Museum Volunteer Anne French writes:
Cherry Hinton Hall park, a short walk from where I live, is blessed with a chalk stream that used to power a water mill. The chalk stream supports many forms of wildlife such as kingfishers, water voles, sticklebacks, chubb and perch. But recently, I have found myself heading down there to see some birds I thought were terns but it turns out are actually black-headed gulls. According to some knowledgeable birders (with impressive cameras) that I met by the stream, the gulls only have black heads during the mating season, which is why they do not at the moment look like the picture on the information board in the park.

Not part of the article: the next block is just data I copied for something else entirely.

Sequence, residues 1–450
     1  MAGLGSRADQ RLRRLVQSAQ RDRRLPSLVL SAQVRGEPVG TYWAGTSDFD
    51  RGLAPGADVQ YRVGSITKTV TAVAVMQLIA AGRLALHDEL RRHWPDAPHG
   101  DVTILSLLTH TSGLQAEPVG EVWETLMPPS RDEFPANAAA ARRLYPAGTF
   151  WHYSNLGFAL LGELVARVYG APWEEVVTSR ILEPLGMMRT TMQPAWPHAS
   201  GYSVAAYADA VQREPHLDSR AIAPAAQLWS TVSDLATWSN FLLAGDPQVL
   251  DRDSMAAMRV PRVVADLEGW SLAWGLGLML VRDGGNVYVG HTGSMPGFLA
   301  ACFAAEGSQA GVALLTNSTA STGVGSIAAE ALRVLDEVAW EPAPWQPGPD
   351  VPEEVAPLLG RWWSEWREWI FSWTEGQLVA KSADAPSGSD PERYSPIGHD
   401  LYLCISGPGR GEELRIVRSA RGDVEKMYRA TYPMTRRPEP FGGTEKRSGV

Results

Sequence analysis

I love to sit and watch the gulls as they swoop and circle in the air, in contrast to the stately swans, shy moorhens and ducks just being ducks. Sometimes their cries are raucous, especially when people feed them, and sometimes they simply bob up and down on the water or stand guard on wooden posts in the millpond – just as if they were at the seaside – an impression reinforced until quite late into the autumn by a hardy ice cream van which can often be found on the other side of the park, but which for understandable reasons has not been there in the last few weeks. I could watch the gulls for hours and I feel strangely inspired by the way they suddenly all take flight for reasons only gulls can know, but then, a few minutes later, settle back down again on the calm water of the pond. They make me feel grounded and content for the time being to stay close to home.